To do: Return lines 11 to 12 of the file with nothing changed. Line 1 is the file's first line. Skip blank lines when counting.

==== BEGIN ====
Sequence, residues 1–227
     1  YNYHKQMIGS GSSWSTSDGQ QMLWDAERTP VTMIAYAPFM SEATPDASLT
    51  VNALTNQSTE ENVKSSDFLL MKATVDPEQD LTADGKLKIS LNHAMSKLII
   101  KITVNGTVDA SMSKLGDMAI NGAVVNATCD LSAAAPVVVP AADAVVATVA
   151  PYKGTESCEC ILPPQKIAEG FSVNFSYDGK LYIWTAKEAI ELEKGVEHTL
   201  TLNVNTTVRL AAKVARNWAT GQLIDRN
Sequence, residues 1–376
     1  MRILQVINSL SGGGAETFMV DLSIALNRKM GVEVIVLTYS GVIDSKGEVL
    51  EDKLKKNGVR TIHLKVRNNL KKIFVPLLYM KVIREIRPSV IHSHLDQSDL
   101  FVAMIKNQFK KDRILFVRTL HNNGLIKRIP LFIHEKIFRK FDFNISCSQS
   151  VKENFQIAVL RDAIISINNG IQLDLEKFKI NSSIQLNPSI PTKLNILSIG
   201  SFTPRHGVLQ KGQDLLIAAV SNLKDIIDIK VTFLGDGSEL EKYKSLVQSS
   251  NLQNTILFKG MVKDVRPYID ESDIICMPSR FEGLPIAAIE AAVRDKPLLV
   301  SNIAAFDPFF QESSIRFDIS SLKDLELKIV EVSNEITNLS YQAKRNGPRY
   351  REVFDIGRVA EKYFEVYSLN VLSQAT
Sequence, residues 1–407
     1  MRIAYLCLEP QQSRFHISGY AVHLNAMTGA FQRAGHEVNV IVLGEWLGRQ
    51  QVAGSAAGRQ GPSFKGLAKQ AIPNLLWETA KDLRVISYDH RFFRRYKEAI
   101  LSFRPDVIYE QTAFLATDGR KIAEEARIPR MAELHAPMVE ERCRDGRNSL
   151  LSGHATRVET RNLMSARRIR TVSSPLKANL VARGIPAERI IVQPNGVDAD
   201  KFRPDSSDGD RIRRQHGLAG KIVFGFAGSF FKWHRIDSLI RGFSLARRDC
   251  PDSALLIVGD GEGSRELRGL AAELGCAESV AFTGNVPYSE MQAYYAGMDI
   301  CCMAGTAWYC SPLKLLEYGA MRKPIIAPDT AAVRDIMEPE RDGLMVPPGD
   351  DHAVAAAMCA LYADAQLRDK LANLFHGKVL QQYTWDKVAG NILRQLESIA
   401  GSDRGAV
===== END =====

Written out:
   151  VKENFQIAVL RDAIISINNG IQLDLEKFKI NSSIQLNPSI PTKLNILSIG
   201  SFTPRHGVLQ KGQDLLIAAV SNLKDIIDIK VTFLGDGSEL EKYKSLVQSS